The installation Orison / Oraison is intended as a response to the artist’s heartrending stories in The Scar Project, from 2005 to 2013. This was a participatory project in which people were invited to embroider a depiction of a personal scar on a canvas, using threads and fibres. Comprising photographs, sculptures and sound elements, it explores the indelible nature of memory and the way events remain alive in our bodies. The installation transports visitors to a place of contemplation, encountering the memory of others, in a space intended as an ode to reconciliation. It consists of large digital prints showing unseen sides of the Indian Act, a wicker basket filled with tobacco and a red fishing net that rises and falls to the rhythm of breathing.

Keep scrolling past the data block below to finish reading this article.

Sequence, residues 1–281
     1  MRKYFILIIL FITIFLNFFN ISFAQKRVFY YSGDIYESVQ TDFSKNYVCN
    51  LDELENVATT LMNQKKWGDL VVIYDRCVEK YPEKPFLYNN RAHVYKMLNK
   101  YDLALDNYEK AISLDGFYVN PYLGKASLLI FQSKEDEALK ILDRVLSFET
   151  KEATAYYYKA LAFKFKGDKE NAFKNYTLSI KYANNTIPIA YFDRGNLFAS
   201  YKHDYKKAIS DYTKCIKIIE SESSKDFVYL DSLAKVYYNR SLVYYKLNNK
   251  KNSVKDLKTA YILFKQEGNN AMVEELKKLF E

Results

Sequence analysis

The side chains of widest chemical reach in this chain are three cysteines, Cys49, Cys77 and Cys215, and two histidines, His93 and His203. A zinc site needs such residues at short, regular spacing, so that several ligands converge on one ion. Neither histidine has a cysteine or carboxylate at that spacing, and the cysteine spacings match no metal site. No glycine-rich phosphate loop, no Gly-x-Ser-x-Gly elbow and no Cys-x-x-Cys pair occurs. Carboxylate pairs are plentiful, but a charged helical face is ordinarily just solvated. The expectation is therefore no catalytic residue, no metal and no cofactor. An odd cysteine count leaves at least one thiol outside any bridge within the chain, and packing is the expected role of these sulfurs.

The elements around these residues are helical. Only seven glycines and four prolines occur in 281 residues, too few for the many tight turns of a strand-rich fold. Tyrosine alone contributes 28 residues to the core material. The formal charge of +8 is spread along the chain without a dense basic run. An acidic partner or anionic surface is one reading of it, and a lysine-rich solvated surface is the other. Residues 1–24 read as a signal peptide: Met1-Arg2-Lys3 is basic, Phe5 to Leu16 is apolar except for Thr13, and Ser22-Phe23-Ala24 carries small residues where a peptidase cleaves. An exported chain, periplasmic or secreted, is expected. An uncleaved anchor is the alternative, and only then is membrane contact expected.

Nadia Myre is a visual artist from Quebec and an Algonquin member of the Kitigan Zibi Anishinabeg First Nation. For over a decade, her multi-disciplinary practice has been inspired by participant involvement as well as recurring themes of identity, language, longing and loss. Myre is a graduate from Camosun College (1995), Emily Carr (1997), and Concordia University (MFA, 2002), and a recipient of numerous grants and awards, notably: Sobey Art Award (2014), Pratt & Whitney Canada’s ‘Les Elles de l’art for the Conseil des arts de Montréal (2011), Quebec Arts Council’s Prix à la création artistique pour la region des Laurentides (2009), and a Fellowship from the Eiteljorg Museum (2003). Recent solo exhibitions include Oraison/Orison (OBORO, Montreal), Needleworks (McLaren Art Centre, Barrie, Ontario), Nadia Myre: Symbology (Carleton University Art Gallery, Ottawa) and Skin Tissue––as part of Hides: Skin as Material and Metaphor, (National Museum of American Indian, New York, NY). Her work The Scar Project was selected for both the 2011 Montréal Biennale and 2012 Sydney Biennial. Recent group exhibitions include Formes et Paroles (Gorée, Senegal), 2014 Shanghai Biennale: Social Factory (Power Station of Art, Shanghai, P.R.C), 2014 Sobey Art Award Exhibition, (Winnipeg Art Gallery, Winnipeg), Sakahàn (National Gallery of Canada, Ottawa), Water Diary (FRAC Haute-Normandie, Sotteville-lès-Rouen, FR), L’image Rôde (Le Fresnoy, FR), Changing Hands 3 (Museum of Art and Design, New York, NY), Pour une république des rêves (CRAC Alsace - Centre Rhénan d’Art Contemporain, Altkirch, FR), Time, Le temp du dessin (Ensemble Poirel, Nancy, France), Vantage Point: The Contemporary Native Art Collection (National Museum of American Indian National Mall, Washington, DC), It Is What It Is (National Gallery of Canada), Femmes Artistes. L’éclatement des frontières 1965-2000 (Musée national des beaux-arts du Québec, QC). Her work has received accolades from the New York Times, Le Monde, The Washington Post, Le Devoir, and has been featured in ARTnews, American Craft Magazine, ETC, Parachute, Canadian Art, C Magazine, Monopol, and ESSE. Myre’s work is held by corporate and public collections including: MacKenzie Art Gallery, City of Ottawa, Canada Council Art Bank, National Gallery of Canada, Musée de la civilization (Québec), Musée National des Beaux-Arts du Québec, Bibliothèque et archives nationales du Québec, National Museum of American Indian, and Fonds Regional d’Art Contemporain de Lorraine in France. Works may be found on permanent exhibition at the Montreal Museum of Fine Arts, the Canadian Museum of History and the National Gallery of Canada.